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When you work in the industry you assume that everyone understands the differences between brewing methods for coffee. A recent conversation with a friend reminded me of how, although coffee is so much more popular and understood than it used to be, many consumers are not 100% clear about the differences.

Let’s start with Espresso- Italy’s favourite brew. Originally designed for speed rather than flavour or quality, its quick to make and on its own its drunk fast.

It’s brewed with pressurised water at high-temperature using coffee that has been roasted to caramelise sugars and develop sweetness. It is more rich, concentrated and thicker than Filter.

Let’s not forget, this concentration also means it serves as the base for your classic coffee shop menu: cappuccinos, flat whites, etc.

Once extracted there are two parts to espresso:

Crema and liquid. Crema is the subject of much debate in the industry, some (especially traditional Italians) consider it vital and a sign of a good shot. In reality, it tastes bitter, is more prevalent in lower grade Robusta and when spooned off doesn’t, in our view, negatively affect flavour at all!

Then we have Filter coffee…

The basic ideas of both espresso and filter are the same. You are dissolving ground coffee in hot water the main difference is that with espresso you use pressure and the grind is fine, with filter the grind is more coarse, the water stays in contact with the coffee particles for a longer time and it is just gravity that cause the water to pass through the coffee. It is sometimes called a contact time brew.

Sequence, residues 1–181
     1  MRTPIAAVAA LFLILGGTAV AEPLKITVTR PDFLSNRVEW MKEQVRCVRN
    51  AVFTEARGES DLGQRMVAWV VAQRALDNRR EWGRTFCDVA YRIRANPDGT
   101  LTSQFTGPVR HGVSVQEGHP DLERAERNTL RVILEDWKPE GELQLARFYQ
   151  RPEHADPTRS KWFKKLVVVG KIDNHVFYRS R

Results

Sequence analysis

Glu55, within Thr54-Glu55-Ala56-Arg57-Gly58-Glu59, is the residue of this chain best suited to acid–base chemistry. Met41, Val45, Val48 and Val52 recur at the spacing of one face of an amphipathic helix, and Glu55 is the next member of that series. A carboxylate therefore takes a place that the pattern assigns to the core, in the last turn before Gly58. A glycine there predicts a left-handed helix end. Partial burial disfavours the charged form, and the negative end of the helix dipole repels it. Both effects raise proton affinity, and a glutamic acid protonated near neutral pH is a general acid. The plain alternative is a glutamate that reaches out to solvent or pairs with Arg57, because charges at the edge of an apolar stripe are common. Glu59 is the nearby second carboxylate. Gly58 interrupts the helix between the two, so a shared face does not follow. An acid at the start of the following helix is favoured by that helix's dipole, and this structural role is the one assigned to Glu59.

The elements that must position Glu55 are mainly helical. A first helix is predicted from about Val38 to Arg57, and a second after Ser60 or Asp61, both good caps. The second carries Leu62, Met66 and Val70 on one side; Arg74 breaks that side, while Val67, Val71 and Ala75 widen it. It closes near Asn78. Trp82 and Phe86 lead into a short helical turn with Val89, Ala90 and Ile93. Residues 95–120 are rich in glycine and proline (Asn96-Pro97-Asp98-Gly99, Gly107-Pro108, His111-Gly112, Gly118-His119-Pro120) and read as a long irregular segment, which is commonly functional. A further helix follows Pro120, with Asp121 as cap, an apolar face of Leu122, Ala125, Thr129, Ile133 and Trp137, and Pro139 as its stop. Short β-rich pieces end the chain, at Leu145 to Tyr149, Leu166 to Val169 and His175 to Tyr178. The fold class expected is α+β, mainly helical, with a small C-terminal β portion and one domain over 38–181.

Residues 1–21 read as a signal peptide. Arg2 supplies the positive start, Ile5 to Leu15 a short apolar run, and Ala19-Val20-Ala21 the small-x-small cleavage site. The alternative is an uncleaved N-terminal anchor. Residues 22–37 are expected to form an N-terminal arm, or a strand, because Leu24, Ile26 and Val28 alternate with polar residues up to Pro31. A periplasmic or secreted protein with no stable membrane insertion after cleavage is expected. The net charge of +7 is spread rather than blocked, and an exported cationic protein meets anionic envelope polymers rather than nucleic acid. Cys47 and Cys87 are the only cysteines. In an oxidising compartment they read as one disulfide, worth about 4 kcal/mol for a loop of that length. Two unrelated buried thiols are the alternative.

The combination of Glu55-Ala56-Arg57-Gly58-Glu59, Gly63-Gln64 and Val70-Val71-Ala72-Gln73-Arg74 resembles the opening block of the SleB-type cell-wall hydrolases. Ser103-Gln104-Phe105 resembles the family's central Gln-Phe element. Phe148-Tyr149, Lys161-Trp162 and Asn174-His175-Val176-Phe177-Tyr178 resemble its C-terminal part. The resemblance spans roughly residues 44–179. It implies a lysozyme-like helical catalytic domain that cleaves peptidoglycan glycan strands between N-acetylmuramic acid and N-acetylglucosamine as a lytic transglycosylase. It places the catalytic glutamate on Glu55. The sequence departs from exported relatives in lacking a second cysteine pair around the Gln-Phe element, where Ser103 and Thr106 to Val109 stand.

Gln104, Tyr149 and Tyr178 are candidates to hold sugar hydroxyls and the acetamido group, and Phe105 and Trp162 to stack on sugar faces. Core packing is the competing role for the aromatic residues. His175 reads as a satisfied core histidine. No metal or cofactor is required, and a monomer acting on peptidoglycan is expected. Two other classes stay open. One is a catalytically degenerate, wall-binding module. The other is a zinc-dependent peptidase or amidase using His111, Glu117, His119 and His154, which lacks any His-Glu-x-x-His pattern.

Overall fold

Consequently, filter coffee uses more coffee and more water.

Filter coffee has a few subtle variations. You may hear it called drip brew (v60, Hario, Tiamo, Clever dripper) or pour. These are the same in principle with subtly d8ifferent end products. In general filter coffee brewing draws less acid from the coffee leading to more complex and delicate flavours and aromas, hence its popularity with single origin specialty lots which have more of these layered flavours.

The longer you spend exploring coffee, in my experience, the more you gravitate towards complex and exalting filter coffees, but for the latte drinker they might be an acquired taste.

So there you go, a quick rundown on the key differences between Espresso and filter. Hopefully that’s perked you up a bit!

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